A new bailout should be agreed by late August, Greece’s Prime Minister Alexis Tsipras and French President François Hollande said on Thursday (6 August). Greece is in negotiations with the European Union and International Monetary Fund for as much as €86 billion in fresh loans to stave off financial ruin and economic collapse.
Tsipras said the new deal would be agreed soon after Aug. 15; Hollande said by the end of the month. The two men were speaking in Egypt on the sidelines of a ceremony to inaugurate the New Suez Canal.
It will be Greece’s third bailout since its financial troubles became evident more than five years ago. Negotiations in the past have been heated, but all sides are reporting progress this time around.
An accord must be settled — or a bridge loan agreed — by Aug. 20, when a 3.5 billion euro debt payment to the European Central Bank falls due.
In a statement, Tsipras’s office in Athens said he and Hollande had agreed that the deal “should and could be concluded right after Aug. 15”.
That would give enough time for the Greek parliament to approve it to enable the Aug. 20 repayment to the ECB.
“They also agreed that everything should be done for the Greek economy to rebound, especially after the effects of the banking crisis,” the statement said.
Greece’s banks are in need of recapitalisation by 10 billion to 25 billion euros, according to the EU.
France has been generally supportive of Greek requests for aid, contrasting with a harder line taken by Germany which has demanded stringent reform and austerity measures from Athens.
Hollande, speaking to reporters in Egypt, said: “The objective is for the negotiations on the (bailout) programme to be concluded at the end of August. We know it’s difficult but we must make sure that the conditions are met, in a good spirit.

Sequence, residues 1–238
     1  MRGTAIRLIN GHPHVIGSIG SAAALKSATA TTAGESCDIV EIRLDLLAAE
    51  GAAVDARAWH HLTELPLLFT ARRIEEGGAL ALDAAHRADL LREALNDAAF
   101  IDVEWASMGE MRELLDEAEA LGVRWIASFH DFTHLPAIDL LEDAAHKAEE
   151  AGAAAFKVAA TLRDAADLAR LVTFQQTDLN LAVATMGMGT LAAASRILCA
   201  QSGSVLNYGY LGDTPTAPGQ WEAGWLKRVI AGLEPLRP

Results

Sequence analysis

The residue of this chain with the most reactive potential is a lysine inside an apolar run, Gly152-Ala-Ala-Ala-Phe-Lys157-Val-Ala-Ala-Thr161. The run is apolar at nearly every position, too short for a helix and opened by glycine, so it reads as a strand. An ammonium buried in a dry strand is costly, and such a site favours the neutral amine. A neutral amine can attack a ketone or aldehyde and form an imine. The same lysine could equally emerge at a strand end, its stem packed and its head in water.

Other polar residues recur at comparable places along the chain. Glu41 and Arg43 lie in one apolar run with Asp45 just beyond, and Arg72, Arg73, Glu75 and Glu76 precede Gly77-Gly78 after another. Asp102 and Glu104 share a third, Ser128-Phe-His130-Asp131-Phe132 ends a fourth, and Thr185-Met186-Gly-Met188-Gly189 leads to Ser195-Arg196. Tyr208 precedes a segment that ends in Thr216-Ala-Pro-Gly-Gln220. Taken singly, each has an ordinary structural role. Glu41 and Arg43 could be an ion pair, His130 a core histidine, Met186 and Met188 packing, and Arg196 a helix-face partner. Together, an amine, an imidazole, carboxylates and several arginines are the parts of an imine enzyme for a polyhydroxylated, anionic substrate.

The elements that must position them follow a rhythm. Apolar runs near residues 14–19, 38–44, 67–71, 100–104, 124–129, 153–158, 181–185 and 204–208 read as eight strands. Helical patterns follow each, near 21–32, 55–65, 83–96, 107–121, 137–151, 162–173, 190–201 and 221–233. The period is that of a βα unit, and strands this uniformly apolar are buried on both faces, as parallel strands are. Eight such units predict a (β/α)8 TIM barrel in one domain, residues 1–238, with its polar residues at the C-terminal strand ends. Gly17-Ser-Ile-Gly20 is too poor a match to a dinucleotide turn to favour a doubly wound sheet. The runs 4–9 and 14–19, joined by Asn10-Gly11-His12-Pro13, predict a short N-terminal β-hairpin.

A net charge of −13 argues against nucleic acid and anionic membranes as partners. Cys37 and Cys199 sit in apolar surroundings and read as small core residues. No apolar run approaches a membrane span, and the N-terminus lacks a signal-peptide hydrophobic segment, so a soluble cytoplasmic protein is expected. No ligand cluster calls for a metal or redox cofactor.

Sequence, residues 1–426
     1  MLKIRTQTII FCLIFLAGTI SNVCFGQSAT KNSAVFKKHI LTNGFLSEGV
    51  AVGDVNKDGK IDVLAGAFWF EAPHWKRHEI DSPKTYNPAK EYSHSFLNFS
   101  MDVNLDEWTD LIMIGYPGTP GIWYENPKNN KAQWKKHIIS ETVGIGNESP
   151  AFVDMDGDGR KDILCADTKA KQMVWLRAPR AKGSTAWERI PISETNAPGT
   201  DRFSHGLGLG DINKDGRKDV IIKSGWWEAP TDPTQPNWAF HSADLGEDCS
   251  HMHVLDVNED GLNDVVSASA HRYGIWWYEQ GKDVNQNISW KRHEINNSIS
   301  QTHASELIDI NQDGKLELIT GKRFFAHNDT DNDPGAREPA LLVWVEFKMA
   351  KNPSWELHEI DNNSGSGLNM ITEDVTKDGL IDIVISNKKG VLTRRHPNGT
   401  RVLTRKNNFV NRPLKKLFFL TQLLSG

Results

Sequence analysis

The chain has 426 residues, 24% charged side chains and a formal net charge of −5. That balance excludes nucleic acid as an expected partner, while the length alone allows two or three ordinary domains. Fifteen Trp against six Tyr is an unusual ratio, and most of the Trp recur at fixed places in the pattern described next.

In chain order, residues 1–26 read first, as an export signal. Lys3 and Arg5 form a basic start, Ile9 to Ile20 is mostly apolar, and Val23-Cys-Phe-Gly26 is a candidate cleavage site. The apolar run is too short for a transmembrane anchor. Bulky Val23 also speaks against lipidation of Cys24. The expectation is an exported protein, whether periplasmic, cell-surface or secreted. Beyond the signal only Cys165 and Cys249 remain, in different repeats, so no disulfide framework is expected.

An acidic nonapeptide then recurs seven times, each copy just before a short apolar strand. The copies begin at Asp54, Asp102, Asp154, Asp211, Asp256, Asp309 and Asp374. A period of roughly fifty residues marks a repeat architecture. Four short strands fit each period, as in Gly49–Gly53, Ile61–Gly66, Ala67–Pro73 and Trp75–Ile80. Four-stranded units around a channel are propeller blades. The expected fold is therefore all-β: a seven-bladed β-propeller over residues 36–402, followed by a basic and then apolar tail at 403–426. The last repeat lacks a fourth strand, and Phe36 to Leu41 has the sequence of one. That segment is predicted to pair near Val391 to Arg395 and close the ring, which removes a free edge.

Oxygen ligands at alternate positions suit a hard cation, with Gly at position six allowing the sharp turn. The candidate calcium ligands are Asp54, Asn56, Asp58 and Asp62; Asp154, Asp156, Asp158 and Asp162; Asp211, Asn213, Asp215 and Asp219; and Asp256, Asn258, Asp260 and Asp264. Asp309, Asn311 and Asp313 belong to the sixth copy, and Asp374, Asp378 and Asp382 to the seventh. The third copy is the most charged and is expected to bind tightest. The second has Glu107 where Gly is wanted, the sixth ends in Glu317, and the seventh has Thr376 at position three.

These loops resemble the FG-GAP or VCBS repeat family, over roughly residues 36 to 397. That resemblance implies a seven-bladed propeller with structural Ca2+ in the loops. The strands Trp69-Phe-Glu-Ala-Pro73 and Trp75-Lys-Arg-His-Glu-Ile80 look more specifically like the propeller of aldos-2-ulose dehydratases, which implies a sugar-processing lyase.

“For now I believe the atmosphere is right and discussions are going in the best of directions,” he added.
A European Commission spokeswoman said earlier in Brussels that talks with Greece on a third bailout were moving ahead “in a satisfactory way” and reaching an agreement was possible before Aug. 20.
However, German newspaper Bild cited a government official saying that an agreement in the next two weeks is “not achievable”.
If a pact was not secured, Greece might be offered a bridge loan to cover the ECB payment, but Athens has said it only wants to sign up to strict conditions for a full bailout, not a temporary one.
Part of the money is expected to go to recapitalise Greek banks, a factor that has hammered banking sector stocks for most of this week because it hurts existing shareholders.
The stocks surged 17.8% on Thursday, but only after a three-day rout that wiped 63 percent from their market value.
The IMF said that Greece had paid it about 186.3 million euros in interest charges that were due it on Thursday.
When creditors agreed in July to negotiate a deal aimed at keeping it afloat and in the euro zone, Greece committed to implementing major reforms, such as scrapping early retirement, by the end of October. Lenders want, for example, an increase in the retirement age to 67 from the nominal 62 that falls significantly depending on the number of years worked and family status.
Technical teams also discussed tax, justice and corruption issues and about setting up a new Greek privatisation fund and about bad loans.